December 6, 2018
In a recent op-ed in the Wall Street Journal, US Secretary of State Mike Pompeo wrote, “degrading US-Saudi ties would be a grave mistake for the national security of the US and its allies.” Moreover, in the course of his defense of the Trump administration’s Saudi policy, Pompeo exaggerated the value of Saudi partnership and sought to debunk critics by attacking their political affiliation, labeling the debate as one between liberal idealism and Trump pragmatism.

What Pompeo, US Secretary of Defense Jim Mattis, and several in the think tank community have done is set up a straw man argument that focuses on defending the US-Saudi relationship in toto, thus conflating Saudi Arabia with its new young de facto ruler, Crown Prince Mohammed bin Salman (MBS).

As the US Congress moves for a broader debate of US involvement in the war in Yemen and a review of US-Saudi relations in light of the murder of Washington Post columnist Jamal Khashoggi in the Saudi Consulate in Istanbul on October 2, it is important to keep in mind that what is being challenged is not the overall value of a relationship with Saudi Arabia, but rather the recklessness and the human cost of MBS’ policies in an already volatile region.

Those critiquing the Trump administration’s continued support for the Saudi-led Arab coalition’s war in Yemen have generally not questioned the US-Saudi relationship per se. Rather, they have questioned the direction Saudi policy has taken under MBS and the quiescent role played so far by the Trump administration in simply going along with him.  

It is worth noting that the late Saudi King Abdullah, as crown prince in 1989, helped orchestrate the Taif Agreement that ended the fifteen-year civil war in Lebanon.  In 2002, Abdullah presented the Arab Peace Initiative, taking the lead in putting diplomacy first in an attempt to resolve the Israeli-Palestinian problem. And in 2010, after a brief and aborted attempt by the Saudis (led by Prince Khaled) to help then Yemeni President Ali Abdullah Saleh against the Houthis, Abdullah ordered an agreement be reached with the rebels to end direct clashes with them across the borders.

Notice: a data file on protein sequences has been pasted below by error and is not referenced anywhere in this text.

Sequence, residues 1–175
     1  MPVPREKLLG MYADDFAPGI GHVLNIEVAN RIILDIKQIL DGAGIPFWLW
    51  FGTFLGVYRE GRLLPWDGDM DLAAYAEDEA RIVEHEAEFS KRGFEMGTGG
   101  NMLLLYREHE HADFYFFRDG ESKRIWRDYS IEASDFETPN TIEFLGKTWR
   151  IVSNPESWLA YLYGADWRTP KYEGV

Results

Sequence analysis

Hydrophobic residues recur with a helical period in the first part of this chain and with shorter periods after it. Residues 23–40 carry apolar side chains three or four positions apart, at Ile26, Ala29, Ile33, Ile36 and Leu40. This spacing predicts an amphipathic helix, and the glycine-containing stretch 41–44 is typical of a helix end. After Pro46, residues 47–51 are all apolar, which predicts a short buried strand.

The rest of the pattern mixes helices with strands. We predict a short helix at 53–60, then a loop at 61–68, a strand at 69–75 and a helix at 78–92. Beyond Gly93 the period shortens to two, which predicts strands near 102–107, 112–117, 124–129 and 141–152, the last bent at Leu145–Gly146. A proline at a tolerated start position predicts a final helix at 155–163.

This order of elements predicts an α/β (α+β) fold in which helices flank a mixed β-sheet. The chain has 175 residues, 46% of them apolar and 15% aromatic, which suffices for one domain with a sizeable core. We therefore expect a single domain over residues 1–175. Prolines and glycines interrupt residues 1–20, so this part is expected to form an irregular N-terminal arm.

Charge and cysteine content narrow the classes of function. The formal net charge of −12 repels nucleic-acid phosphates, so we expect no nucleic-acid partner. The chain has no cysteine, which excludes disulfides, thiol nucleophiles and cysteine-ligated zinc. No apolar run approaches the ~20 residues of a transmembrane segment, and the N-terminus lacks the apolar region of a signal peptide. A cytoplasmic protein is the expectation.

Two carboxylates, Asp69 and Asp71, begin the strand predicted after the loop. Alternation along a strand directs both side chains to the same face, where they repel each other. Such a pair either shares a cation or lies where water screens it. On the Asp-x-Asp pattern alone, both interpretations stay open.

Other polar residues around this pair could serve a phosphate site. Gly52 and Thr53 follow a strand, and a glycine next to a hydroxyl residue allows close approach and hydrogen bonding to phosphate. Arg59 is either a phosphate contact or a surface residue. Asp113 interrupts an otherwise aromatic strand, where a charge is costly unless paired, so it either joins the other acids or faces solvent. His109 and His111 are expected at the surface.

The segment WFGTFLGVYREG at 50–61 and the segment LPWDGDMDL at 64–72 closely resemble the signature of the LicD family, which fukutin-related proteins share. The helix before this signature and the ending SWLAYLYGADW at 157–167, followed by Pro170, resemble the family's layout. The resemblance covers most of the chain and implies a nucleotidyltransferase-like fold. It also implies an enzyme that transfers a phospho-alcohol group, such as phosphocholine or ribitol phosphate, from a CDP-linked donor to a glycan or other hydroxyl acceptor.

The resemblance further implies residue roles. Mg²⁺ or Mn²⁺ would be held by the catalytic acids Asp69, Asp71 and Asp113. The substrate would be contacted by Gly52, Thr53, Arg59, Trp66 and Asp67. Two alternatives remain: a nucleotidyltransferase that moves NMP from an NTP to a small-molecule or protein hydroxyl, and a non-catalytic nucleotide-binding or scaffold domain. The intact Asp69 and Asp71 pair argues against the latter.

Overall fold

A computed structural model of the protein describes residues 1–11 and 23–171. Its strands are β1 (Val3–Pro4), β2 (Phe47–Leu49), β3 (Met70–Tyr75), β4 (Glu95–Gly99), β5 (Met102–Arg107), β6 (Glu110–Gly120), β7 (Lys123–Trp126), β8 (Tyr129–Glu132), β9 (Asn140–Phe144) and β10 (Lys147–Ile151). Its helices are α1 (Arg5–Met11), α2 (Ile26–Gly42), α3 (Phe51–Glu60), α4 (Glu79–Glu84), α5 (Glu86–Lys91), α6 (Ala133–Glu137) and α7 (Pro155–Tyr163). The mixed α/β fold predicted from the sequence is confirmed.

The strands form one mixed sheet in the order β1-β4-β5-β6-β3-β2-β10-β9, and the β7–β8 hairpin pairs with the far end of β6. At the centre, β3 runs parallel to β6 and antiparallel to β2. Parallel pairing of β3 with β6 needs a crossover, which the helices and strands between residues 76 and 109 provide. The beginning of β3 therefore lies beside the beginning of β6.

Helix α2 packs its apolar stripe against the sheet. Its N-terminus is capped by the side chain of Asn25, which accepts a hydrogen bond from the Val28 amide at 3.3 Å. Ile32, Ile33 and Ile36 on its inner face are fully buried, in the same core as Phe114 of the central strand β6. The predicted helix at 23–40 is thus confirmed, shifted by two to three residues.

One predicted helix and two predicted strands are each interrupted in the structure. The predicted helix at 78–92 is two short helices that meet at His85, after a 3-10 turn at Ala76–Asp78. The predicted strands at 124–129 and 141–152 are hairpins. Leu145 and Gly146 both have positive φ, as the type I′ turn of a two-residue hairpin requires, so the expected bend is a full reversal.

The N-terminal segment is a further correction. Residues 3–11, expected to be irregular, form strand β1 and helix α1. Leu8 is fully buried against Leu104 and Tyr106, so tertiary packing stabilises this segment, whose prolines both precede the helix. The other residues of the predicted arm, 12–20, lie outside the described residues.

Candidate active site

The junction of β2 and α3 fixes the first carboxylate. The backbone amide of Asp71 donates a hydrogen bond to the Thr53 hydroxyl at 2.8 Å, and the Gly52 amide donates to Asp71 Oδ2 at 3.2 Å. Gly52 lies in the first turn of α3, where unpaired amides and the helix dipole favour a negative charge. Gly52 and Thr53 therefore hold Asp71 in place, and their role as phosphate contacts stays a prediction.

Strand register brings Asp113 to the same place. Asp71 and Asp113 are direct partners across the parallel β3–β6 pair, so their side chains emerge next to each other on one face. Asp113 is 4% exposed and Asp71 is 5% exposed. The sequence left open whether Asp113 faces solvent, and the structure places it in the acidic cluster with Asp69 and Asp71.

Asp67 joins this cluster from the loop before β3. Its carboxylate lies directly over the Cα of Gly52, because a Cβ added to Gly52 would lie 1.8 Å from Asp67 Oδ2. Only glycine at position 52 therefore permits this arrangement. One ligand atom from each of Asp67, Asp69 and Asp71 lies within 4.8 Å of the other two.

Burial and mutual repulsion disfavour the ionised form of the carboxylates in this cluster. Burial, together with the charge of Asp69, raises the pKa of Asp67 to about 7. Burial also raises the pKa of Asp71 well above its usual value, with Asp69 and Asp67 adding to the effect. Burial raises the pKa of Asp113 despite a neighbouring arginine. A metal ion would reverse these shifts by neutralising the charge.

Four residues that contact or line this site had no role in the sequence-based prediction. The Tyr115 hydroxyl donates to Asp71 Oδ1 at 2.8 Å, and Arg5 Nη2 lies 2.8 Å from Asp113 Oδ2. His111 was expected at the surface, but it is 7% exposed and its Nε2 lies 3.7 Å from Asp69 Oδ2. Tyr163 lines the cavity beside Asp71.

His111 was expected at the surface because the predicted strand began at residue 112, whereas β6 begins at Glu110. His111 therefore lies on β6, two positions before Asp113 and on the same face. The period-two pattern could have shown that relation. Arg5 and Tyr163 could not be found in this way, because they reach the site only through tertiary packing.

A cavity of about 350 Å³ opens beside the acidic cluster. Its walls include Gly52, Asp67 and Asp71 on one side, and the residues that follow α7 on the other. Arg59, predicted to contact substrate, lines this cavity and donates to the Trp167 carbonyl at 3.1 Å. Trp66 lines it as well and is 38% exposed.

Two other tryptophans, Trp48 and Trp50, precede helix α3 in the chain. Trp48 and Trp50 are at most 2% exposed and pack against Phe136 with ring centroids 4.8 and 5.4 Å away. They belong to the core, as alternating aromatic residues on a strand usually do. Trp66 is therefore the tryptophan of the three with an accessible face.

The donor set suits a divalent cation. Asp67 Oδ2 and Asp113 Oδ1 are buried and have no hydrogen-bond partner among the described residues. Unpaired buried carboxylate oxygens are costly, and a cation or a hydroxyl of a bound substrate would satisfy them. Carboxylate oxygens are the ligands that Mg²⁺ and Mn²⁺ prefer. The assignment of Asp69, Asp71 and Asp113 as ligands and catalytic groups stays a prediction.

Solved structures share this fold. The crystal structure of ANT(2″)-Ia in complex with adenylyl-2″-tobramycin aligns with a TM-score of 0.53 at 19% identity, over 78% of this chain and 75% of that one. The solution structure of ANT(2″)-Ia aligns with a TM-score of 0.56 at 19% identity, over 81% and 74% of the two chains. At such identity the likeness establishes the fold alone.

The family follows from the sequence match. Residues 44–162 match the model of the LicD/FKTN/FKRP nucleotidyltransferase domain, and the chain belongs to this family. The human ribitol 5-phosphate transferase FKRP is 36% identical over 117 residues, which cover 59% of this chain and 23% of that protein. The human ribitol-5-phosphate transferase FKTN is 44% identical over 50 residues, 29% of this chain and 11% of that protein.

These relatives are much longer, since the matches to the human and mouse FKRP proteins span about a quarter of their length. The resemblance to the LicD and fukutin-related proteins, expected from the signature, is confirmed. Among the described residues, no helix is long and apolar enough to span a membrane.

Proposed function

In March 2015, two months after Abdullah’s death, MBS launched a war in Yemen alarmed by the rise of the Houthis, whom the Saudis believed to be backed by Iran. That war rages on after almost four years, achieving nothing other than creating one of the world’s worst humanitarian disasters.

The Trump administration has argued for the need to preserve the US-Saudi relationship citing the dangers of instability in the Middle East. That argument does not hold water.

Since MBS came to power in 2015, Saudi Arabia has undertaken an aggressively activist foreign policy as compared to its more measured foreign policies of past decades. 

In December 2015, the German foreign intelligence agency, known as BND, wrote a memo noting: “The cautious diplomatic stance of the older leading members of the royal family is being replaced by an impulsive policy of intervention.” The BND accused MBS and his father, King Salman, of trying to create an image of Saudi Arabia as the leader of the Arab world.

As a consequence of this approach, in Yemen we have seen Saudi Arabia get involved in its first direct war outside its borders.  Lacking a credible army of his own, MBS stitched together an Arab coalition, consisting mainly of Saudi Arabia in alliance with the United Arab Emirates, while using as a military force on the ground diverse troops imported from Sudan, Ghana, and volunteers from other regions who could only be described as mercenaries since their countries have no policies on Yemen and no cause to officially go to war there. 

At least three different Yemeni militias have also been formed, trained, and equipped by the UAE and based largely in the Hadramout in the south.  The Saudis and Emiratis, despite an abundance of fighter jets, do not have enough trained pilots to fly them. Pilots have been borrowed from Egypt, Pakistan, and Jordan. Morocco, Turkey, and Sudan have provided other forms of assistance.  With US and British pilots flying refueling planes to assist the coalition’s fighter jets in carrying out their missions and staffing a command and control center in Riyadh, the circle of regional and international involvement has considerably widened.